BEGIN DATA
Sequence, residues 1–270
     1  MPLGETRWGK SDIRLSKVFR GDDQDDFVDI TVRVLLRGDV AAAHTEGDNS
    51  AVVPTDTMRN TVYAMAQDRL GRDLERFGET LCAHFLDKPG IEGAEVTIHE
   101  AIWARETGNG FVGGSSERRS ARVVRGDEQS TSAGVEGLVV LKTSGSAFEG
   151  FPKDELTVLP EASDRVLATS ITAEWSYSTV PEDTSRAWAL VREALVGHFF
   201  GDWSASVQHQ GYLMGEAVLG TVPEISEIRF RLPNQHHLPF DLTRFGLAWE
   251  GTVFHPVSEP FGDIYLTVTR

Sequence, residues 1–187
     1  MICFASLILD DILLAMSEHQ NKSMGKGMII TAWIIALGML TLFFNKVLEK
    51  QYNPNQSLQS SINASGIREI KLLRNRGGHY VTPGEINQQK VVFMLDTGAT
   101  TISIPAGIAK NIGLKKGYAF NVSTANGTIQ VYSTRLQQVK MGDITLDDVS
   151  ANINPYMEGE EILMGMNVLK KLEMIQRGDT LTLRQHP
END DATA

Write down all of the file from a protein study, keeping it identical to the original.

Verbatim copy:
Sequence, residues 1–270
     1  MPLGETRWGK SDIRLSKVFR GDDQDDFVDI TVRVLLRGDV AAAHTEGDNS
    51  AVVPTDTMRN TVYAMAQDRL GRDLERFGET LCAHFLDKPG IEGAEVTIHE
   101  AIWARETGNG FVGGSSERRS ARVVRGDEQS TSAGVEGLVV LKTSGSAFEG
   151  FPKDELTVLP EASDRVLATS ITAEWSYSTV PEDTSRAWAL VREALVGHFF
   201  GDWSASVQHQ GYLMGEAVLG TVPEISEIRF RLPNQHHLPF DLTRFGLAWE
   251  GTVFHPVSEP FGDIYLTVTR

Sequence, residues 1–187
     1  MICFASLILD DILLAMSEHQ NKSMGKGMII TAWIIALGML TLFFNKVLEK
    51  QYNPNQSLQS SINASGIREI KLLRNRGGHY VTPGEINQQK VVFMLDTGAT
   101  TISIPAGIAK NIGLKKGYAF NVSTANGTIQ VYSTRLQQVK MGDITLDDVS
   151  ANINPYMEGE EILMGMNVLK KLEMIQRGDT LTLRQHP